Unemployment is the weapon the political Right use to keep,wages low and to lower work conditions. It also reduces Union membership and power. They are also master at manipulating language , Note how they have changed Social Security to welfare. Its time people of the political Left refered to the Social Security system instead of the degrading word welfare when refereing to the needs of people who are in unfortunate circumstances. Oh for compusory unionism .

        • KJT 2.3.2.2

          A GMI makes total sense.
          1. Simplifies welfare. A lot of the present costs of determining eligibility and entitlements is removed.
          2. Gives effect to the principle, @ Redlogix  above, that everyone has the right to food and housing. Once we all had access to commons to grow basic necessities. That common right has been grabbed to make a few wealthy.
          3. Encourages entrepreneurship. Can have a go at a business without worrying about your family doing without if it fails or takes a long time to succeed.
          4. You are always better off working. As employers need to pay a wage above the GMI to get workers and 120% abatement rates are removed.
           
           
          Though I think the rate should be about the equivalent to NZ super.
           
          So no one in NZ is in poverty.
           
          Paid for by progressive taxes on very high incomes and wealth.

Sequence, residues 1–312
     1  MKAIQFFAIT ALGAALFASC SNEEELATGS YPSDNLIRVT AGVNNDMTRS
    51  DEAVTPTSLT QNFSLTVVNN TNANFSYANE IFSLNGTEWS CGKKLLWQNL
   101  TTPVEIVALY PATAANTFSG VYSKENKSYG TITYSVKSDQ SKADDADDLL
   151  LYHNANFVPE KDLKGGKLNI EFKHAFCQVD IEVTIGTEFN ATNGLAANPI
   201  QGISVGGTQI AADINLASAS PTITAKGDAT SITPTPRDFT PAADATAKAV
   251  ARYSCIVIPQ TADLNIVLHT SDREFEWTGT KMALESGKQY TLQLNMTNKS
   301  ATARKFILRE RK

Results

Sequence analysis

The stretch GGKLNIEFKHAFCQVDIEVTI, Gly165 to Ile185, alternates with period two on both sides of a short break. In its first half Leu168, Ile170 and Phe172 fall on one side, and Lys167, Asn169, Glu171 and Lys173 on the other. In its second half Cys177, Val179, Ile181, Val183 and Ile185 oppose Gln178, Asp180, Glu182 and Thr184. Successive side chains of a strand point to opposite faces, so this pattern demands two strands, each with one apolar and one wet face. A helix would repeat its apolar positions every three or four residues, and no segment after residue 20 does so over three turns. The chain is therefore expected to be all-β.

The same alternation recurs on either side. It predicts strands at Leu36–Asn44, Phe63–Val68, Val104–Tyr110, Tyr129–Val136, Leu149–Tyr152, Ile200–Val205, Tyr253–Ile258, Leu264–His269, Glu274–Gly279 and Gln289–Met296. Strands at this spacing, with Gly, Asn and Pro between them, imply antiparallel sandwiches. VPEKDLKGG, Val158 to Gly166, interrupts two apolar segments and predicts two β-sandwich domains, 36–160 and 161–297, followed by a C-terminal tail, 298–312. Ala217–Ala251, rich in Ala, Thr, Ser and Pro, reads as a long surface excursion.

Very high incomes and accumulations of wealth are socioeconomically dysfunctional, as we know.

          • Fortran 2.3.2.2.1

            Have you tried living on Govt Super, with particularly local government taxes continually rising, along with seasonal food prices ?

            • RedLogix 2.3.2.2.1.1

              Kiwisaver should bridge the gap between the GMI and the current National Super.

              In addition the Gold card system can be extended to a wider range of essential services to ensure those costs are held.

            • KJT 2.3.2.2.1.2

              What I am trying to say is that, like super, a GMI should be enough to live on.
              Equal to the present super would be a good starting point.
               
              And, unlike the UB, super is enough if you have paid off your mortgage.
               
              Anyway, since national super, poverty amongst the elderly is about 3% compared to over 20% amongst children.
              http://kjt-kt.blogspot.co.nz/search/label/super
               
              Got to get the principle established first.

              • RedLogix